Campbell's comments come as the U.S.-led war in Afghanistan stretches well into its 15th year—and appears certain to extend into the next presidency. While many argue that the Afghanistan intervention is not, in reality, the longest war in U.S. history, it is widely recognized as the most protracted according to the official record.  

What's more, the Bilateral Security Agreement signed in 2014 by the U.S. and Afghanistan locks in another decade of heavy American involvement in the country, including the training, funding, and arming of the Afghan military. The pact also secures immunity for U.S. service members under Afghan law—a highly controversial measure in a country that has suffered civilian massacres by U.S. troops.

The U.S. is planning a military role long into Afghanistan's future despite indications that its long-term intervention and occupation so far has worsened conflict and violence, with the Taliban now showing signs of increased strength.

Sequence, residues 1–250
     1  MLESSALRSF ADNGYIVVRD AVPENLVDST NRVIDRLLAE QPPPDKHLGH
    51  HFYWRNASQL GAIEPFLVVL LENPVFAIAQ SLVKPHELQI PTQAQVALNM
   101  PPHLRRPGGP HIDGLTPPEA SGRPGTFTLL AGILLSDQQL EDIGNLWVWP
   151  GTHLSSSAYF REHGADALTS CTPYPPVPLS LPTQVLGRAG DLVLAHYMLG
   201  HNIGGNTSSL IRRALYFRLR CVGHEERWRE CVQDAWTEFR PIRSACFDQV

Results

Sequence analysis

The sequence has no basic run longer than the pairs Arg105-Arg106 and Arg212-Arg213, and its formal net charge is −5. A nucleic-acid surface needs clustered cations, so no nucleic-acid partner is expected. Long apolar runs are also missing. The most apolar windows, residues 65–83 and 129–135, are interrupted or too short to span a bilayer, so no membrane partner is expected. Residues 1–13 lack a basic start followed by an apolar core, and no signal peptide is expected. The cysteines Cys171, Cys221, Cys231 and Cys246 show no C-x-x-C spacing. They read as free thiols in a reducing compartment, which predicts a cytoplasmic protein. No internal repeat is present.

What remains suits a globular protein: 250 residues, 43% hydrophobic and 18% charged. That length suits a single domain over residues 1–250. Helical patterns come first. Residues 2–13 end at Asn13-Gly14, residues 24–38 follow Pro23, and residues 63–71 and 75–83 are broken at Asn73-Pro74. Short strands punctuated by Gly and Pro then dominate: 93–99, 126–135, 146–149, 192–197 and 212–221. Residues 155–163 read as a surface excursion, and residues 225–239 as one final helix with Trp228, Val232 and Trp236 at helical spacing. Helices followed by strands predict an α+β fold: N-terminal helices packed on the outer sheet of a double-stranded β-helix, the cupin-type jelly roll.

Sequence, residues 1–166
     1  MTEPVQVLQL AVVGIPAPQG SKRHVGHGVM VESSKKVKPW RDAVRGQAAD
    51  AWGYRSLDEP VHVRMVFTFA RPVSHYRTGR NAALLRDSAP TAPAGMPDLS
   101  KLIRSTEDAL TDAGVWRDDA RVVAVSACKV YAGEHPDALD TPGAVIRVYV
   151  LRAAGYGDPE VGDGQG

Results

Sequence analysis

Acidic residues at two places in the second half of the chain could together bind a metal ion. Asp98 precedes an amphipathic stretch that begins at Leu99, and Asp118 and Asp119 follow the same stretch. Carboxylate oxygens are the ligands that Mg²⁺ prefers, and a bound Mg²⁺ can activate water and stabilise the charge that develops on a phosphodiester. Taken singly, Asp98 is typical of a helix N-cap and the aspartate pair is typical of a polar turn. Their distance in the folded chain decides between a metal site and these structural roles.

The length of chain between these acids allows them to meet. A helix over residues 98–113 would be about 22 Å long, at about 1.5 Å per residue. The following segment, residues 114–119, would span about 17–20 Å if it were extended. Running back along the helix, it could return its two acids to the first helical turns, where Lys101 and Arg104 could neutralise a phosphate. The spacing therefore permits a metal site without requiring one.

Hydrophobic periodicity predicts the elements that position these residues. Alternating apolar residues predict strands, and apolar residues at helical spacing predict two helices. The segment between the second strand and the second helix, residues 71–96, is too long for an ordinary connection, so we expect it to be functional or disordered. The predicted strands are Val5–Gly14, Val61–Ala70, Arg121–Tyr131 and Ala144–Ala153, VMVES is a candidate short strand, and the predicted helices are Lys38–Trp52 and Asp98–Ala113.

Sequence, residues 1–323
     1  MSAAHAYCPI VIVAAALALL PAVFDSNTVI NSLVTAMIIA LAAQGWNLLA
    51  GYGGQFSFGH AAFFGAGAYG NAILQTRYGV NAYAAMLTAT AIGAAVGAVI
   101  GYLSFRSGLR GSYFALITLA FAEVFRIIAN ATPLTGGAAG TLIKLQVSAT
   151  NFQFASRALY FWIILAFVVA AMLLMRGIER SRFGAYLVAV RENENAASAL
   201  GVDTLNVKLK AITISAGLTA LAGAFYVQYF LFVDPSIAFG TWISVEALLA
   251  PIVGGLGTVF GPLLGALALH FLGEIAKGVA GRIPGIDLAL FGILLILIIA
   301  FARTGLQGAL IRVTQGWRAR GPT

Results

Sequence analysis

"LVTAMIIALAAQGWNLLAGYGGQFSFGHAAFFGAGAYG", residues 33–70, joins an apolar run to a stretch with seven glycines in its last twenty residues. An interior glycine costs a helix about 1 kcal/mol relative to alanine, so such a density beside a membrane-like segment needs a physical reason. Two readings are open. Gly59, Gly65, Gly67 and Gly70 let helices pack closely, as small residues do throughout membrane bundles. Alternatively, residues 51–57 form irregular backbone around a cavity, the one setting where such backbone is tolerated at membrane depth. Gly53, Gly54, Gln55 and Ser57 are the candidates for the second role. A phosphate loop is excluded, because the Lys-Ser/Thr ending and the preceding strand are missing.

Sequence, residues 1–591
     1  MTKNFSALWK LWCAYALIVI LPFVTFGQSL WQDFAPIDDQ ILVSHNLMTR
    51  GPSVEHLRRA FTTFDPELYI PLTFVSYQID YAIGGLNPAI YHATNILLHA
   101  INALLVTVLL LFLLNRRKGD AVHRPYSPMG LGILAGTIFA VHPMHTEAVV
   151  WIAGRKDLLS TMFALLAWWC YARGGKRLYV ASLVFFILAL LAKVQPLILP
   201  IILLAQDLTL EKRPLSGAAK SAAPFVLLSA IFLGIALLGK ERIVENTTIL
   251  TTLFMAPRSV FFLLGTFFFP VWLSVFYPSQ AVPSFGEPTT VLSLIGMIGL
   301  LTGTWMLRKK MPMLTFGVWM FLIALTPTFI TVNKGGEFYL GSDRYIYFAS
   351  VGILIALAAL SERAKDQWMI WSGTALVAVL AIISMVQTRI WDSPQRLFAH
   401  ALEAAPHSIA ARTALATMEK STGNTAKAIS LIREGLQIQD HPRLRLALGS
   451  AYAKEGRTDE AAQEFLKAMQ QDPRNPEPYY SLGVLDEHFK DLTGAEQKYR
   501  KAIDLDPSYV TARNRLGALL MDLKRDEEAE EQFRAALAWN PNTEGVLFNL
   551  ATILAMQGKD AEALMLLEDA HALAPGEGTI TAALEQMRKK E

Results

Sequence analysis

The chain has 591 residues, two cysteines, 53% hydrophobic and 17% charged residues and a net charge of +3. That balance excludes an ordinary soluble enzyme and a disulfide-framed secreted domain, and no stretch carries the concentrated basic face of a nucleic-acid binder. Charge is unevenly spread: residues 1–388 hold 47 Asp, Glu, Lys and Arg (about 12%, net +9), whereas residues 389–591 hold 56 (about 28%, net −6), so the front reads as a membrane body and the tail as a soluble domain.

Meanwhile, Afghan civilians continue to pay the greatest price. In the first half of 2015 alone, United Nations agencies documented 4,921 civilian casualties (1,592 deaths and 3,329 injured).

(Sarah Lazare writes for Common Dreams …where this piece was first posted.)






Vol 14 Issue 1

Pub: Jan 1, 2016

GELFAND’S WORLD--Any year that ends on the news that George Pataki is dropping out of the presidential race can't be all bad. If nothing else, it provides an easy line for scores of underpaid comedy writers. I don't have to write the Pataki line, because my readers are of superior talent and can write their own. Beyond Pataki, we have lots of other things to look back on with a smile. 

We have much to reminisce about. Not only that -- if you were one of the minority who argued that the new millennium actually started on January 1, 2001 instead of 2000 (remember those people?) – then, this December 31, 2015 represents the end of the first half of the new decade.